Fracking, or drilling for gas by hydraulic fracturing, has been associated with a growing number of health risks, especially when looking to the way in which it contaminates a region's water supply. This specifically occurs as, "in order to frack, an enormous amount of water is mixed with various toxic chemical compounds to create frack fluid. This frack fluid is further contaminated by the heavy metals and radioactive elements that exist naturally in the shale. A significant portion of the frack fluid returns to the surface, where it can spill or be dumped into rivers and streams. Underground water supplies can also be contaminated by fracking, through migration of gas and frack fluid underground."
Thus, fracking can pose a threat to local water resources, especially in areas where water is already scarce like the Barnett shale in Texas.
Moreover, drilling wastewater— that ends up in rural water supplies— is so poisonous, that when a gas company legally doused a patch of West Virginia forest with salty wastewater from a drilling operation, it killed ground vegetation within days and more than half the trees within two years. Although many companies are not obligated to disclose the chemicals they use, the Endocrine Disruptor Exchange (TEDX) has reported that out of those that have reported their chemical recipes, all have been found to include 353 chemicals that are not only highly toxic but cancer-causing in small doses as well. Some reported include, Benzene, Toluene, 2-butoxyethanol (a main ingredient to anti-freeze and oil dispersants), and heavy metals.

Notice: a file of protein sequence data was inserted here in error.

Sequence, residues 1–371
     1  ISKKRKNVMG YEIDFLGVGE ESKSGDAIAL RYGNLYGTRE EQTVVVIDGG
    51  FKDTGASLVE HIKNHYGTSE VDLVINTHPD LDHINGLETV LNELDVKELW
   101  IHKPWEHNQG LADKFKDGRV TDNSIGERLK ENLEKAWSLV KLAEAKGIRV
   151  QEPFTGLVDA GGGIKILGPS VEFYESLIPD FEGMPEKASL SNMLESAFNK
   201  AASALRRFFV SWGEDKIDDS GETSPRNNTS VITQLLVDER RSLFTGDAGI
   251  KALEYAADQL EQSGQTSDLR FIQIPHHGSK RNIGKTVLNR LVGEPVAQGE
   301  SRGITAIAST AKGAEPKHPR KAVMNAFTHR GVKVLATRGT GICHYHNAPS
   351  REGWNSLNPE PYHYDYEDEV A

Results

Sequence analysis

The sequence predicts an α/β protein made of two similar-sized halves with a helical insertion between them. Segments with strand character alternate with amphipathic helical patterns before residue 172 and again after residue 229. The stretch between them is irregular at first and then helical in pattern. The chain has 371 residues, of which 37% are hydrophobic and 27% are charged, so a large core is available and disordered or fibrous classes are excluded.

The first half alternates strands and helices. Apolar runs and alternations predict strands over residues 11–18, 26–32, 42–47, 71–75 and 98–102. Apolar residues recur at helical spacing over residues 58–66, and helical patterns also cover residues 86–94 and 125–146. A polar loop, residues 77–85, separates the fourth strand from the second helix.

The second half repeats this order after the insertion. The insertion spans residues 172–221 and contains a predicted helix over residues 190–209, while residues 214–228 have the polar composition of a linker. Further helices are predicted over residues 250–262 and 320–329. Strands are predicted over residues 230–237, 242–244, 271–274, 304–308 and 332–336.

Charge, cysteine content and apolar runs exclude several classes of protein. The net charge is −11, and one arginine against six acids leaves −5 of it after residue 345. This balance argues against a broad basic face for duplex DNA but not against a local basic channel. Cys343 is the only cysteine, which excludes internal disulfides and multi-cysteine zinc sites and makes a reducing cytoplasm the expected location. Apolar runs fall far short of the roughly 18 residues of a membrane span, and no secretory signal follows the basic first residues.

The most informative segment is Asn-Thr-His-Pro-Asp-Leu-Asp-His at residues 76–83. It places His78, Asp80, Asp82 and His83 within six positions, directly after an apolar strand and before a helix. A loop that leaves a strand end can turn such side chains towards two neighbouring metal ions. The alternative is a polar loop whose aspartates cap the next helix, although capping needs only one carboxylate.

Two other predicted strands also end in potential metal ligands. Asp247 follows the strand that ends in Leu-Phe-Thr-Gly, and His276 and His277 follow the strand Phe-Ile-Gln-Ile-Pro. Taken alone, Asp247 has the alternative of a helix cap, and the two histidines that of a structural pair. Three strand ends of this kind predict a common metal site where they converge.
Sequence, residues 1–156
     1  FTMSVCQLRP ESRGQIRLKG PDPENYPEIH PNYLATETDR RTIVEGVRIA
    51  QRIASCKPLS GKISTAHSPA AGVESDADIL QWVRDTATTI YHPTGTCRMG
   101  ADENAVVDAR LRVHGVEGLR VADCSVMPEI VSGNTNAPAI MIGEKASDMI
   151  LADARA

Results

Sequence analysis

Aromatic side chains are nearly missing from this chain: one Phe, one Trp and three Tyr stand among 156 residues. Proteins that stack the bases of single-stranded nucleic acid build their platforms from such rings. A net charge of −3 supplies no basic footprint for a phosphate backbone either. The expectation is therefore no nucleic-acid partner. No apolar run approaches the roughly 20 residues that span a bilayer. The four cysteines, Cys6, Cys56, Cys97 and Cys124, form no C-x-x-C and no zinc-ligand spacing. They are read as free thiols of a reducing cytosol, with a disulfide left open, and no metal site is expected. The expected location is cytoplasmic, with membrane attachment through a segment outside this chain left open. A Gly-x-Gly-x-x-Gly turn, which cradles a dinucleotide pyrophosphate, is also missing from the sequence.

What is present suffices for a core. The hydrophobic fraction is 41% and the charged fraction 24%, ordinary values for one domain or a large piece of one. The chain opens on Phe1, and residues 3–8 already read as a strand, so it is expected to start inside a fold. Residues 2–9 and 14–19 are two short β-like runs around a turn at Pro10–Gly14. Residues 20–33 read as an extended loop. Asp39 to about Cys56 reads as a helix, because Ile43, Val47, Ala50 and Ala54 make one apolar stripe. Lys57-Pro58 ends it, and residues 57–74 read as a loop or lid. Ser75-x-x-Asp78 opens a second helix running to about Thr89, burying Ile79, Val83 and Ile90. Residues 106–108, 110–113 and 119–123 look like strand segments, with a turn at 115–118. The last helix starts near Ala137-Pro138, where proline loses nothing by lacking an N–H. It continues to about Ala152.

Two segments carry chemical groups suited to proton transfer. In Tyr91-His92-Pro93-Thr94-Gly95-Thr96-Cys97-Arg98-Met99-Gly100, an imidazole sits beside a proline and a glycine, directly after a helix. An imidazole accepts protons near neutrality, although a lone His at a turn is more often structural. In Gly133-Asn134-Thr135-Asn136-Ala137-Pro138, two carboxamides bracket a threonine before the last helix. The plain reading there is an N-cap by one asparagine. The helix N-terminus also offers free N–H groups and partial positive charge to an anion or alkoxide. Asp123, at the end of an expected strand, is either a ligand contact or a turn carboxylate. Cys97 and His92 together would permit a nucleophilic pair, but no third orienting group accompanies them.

The dangerous implications of this wastewater has already been reported as it has been linked numerous times to livestock and family pet deaths across the country. Furthermore, many chemicals used in fracking have been documented to have deleterious health effects at small levels of exposure.
Though the industry has attempted to obscure evidence of well water contamination by fracking, multiple instances have come to light. For example, in Pennsylvania, Colorado, Ohio, and Wyoming, fracking has been linked to drinking water contamination as well as property damage. A study conducted by Duke University examined 60 sites in New York and Pennsylvania and found “systematic evidence for methane contamination” in household drinking water.
Water wells half a mile from drilling operations were contaminated by methane at 17 times the rate of those farther from gas developments. Although methane in water has not been studied closely as a health hazard, it can seep into houses and build up to explosive levels.